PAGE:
The gallery has a history of engaging Indigenous artists and curators, Hampton said, but has been challenging itself in recent years to represent the art of all cultures in the area, in the spirit of the treaties — and is focused on welcoming newcomers as family.
“We have a responsibility to not only Indigenous and settler people who signed those treaties, but also to Black and POC [people of colour] and new Canadians,” he said.
“And we want to ensure that this is a welcoming space for them, that we reflect those cultures responsibly and that we try to foster those relations in a good way.”
Hampton, who is a member of the Chickasaw Nation in the United States, said he has a responsibility to be incredibly sensitive to the people from the local area.
He also said starting the job during a pandemic has been a challenge, but that people can feel safe returning to the gallery.
Visitors are being asked to purchase tickets online and arrive at a timed entry. When they come, they will have plenty of room around them in the gallery areas, Hampton said.
“Our focus is really just on people feeling comfortable and safe,” he said. “You can have a space of calm for just appreciating art to its … fullest sense, and having your focus on something other than the anxiety.”
As of Aug. 12, the gallery will be open Wednesdays to Saturdays from 10 a.m. to 5:30 p.m., and from noon to 5:30 p.m. on Sundays. Admission is currently half-price, as the gallery’s theatre and food services are still closed for now.
The gallery is reopening with three new exhibitions, including a feature exhibit by Divya Mehra called From India to Canada and Back to India (There is nothing I can possess which you cannot take away).
Another exhibit, called Reflecting Dis-ease: Eh Ateh Pahinihk Ahkowsiwin — Rethinking Pandemics Through an Indigenous Lens, “allows us to see that history in a way that is much more relevant, and we’re much better at understanding those histories now that we are currently living through this pandemic,” Hampton said.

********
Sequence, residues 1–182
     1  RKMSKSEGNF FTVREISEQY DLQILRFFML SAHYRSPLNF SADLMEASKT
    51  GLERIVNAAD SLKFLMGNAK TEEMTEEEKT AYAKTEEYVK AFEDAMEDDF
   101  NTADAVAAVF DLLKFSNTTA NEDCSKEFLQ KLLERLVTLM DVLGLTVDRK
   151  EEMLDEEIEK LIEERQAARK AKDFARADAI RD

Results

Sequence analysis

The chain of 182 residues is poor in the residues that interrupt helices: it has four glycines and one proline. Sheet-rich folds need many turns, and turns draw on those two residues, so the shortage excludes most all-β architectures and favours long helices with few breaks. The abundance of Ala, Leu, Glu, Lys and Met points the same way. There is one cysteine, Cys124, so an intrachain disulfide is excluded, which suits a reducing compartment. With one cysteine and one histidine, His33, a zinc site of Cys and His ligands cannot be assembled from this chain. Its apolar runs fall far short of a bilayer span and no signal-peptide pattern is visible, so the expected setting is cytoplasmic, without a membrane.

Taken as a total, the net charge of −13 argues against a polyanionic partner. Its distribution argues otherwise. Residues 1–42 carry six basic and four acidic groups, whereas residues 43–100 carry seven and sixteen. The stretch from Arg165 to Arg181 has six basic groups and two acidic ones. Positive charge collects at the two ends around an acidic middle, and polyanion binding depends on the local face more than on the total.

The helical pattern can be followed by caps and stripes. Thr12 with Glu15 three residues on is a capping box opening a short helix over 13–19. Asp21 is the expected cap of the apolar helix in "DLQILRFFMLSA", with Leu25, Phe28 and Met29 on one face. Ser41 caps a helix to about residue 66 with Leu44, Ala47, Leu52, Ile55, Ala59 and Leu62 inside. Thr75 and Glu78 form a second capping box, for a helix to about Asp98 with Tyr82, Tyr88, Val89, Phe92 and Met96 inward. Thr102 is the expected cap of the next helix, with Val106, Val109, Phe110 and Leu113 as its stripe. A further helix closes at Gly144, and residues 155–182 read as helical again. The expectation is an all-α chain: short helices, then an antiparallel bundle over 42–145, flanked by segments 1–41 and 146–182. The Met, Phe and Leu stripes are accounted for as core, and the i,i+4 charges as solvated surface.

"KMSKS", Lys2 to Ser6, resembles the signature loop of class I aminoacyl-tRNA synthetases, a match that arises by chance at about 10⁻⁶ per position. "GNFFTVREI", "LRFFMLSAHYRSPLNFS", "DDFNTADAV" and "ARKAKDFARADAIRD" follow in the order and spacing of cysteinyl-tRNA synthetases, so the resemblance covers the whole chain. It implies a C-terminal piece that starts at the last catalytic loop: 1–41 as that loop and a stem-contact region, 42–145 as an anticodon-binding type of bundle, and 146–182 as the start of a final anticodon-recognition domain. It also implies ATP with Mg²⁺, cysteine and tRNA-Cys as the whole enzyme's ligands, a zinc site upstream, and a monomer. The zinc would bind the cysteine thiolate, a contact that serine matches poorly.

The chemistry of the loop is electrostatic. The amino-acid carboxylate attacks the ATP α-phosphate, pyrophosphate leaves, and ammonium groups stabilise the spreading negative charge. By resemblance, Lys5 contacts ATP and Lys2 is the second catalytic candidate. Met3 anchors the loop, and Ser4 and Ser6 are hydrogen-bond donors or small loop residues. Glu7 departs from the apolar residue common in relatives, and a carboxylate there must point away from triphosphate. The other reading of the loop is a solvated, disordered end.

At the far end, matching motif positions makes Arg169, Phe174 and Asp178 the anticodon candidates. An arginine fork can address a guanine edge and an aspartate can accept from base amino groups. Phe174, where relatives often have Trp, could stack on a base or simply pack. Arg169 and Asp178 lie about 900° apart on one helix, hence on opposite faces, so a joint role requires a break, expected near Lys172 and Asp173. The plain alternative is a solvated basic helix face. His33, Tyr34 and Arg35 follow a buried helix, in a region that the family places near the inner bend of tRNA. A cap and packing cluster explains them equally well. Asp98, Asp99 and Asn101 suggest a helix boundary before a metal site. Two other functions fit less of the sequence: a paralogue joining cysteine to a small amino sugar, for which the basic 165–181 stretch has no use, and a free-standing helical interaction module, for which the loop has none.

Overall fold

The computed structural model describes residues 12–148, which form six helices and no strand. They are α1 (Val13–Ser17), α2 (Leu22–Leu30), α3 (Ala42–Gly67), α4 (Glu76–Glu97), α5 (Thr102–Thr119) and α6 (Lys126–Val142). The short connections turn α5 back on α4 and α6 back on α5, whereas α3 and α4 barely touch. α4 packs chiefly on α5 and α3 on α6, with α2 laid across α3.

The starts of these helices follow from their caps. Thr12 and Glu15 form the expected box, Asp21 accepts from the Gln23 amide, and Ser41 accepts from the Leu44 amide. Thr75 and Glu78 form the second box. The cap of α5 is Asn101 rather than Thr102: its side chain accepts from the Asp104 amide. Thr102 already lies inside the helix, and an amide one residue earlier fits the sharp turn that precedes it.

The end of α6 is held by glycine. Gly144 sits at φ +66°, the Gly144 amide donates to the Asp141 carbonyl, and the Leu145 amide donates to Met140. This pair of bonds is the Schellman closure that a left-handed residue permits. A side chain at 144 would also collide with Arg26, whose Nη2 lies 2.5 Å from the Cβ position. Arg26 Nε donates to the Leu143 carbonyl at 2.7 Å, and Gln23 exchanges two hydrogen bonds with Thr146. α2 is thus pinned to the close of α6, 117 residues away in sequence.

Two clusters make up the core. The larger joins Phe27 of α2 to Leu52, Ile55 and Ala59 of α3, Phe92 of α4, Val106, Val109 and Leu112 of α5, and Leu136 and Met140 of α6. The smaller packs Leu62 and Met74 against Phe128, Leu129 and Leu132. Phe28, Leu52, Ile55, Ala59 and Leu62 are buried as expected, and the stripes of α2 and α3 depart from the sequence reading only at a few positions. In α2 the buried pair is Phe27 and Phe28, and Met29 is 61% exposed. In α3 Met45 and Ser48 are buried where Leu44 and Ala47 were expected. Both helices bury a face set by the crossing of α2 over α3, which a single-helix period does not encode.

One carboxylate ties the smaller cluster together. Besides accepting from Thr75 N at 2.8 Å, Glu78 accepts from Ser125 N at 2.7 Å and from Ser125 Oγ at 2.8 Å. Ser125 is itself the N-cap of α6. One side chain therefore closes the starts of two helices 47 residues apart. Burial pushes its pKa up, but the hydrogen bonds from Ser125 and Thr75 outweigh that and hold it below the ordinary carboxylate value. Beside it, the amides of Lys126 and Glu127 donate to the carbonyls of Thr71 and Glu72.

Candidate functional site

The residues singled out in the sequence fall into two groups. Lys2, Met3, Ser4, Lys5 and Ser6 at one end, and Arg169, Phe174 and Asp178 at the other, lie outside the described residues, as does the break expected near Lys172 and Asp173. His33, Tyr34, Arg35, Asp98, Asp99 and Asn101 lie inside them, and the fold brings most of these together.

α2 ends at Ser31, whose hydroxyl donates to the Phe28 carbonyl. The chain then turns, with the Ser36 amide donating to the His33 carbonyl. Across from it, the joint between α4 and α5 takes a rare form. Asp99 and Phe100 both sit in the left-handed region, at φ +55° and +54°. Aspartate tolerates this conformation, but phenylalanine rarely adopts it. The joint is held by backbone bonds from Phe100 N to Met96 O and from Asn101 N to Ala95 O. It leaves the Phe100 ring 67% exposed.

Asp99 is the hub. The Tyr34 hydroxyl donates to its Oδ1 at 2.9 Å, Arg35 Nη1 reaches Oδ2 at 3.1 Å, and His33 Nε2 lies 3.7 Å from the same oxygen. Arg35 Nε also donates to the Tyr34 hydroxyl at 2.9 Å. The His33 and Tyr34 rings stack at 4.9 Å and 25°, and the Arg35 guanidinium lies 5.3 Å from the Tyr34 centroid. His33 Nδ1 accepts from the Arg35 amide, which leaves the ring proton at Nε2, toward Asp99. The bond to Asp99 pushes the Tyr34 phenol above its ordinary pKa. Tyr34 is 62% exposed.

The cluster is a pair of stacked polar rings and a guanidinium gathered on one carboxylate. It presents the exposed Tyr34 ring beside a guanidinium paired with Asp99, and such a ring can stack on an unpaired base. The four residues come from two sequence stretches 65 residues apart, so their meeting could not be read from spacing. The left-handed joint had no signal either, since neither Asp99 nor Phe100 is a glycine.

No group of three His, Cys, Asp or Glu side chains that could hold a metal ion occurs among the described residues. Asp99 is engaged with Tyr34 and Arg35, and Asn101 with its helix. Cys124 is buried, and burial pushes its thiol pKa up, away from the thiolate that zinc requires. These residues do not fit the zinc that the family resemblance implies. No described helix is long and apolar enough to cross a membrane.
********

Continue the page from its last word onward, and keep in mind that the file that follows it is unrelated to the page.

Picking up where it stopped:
Staff are also slowly being transitioned back into the building and some are staying at home for personal reasons, but Hampton said he’s glad to be back in the gallery.
“I’m most looking forward to being able to share our work with the public again. While I was working from home, you lose a little bit of that quality of life just being surrounded by your four walls all the time,” Hampton said.
“And when I came back to the gallery and I saw works going up on the walls again and it brought that feeling of normalcy … I just felt so much joy in seeing art again,” he said.
“Just to be able to be surrounded by that and share that with the public is going to be a really enriching experience.”
Source: – CBC.ca
City seeks proposals for public art at new South Burnaby arena – Burnaby Now
The City of Burnaby is looking for public art proposals for its new South Burnaby arena.
The city currently has an open call on the B.C. Bid website (where public bodies post for a variety of construction, infrastructure and other projects) for public art for the new arena, which is under construction at 18th Street and 10th Avenue.
The city has specified a budget of $300,000 for public art to stand in a landscaped area along the 18th Street side of the building, next to the main entrance plaza. The arena is intended to house two NHL-sized rinks with 200 to 300 spectator seats in each, plus skate shop, concession, meeting and multi-purpose rooms and a variety of activity spaces.
The bid documents say the chosen public art “will enrich the experience and enjoyment for South Burnaby Arena’s diverse array of multi-generational users, fostering and encouraging community engagement and connectivity while providing a significant cultural contribution to the City of Burnaby.” They note the project allows for a site-specific artwork, or series of related artworks, with a “wide range of possibilities in approach, media, form, including the use of light and other innovative media.”
The city is calling for an “enduring artwork” (with a life expectancy of at least 20 years) that will speak to diverse audiences, invite engagement and dialogue, and foster community identity.
The documents call for a shortlist to be announced in the week of Sept. 14, with the final agreement awarded in November. The project is slated to be completed by September 2020.
The bid is open until Aug. 24. For full details, see the bcbid.gov.bc.ca website.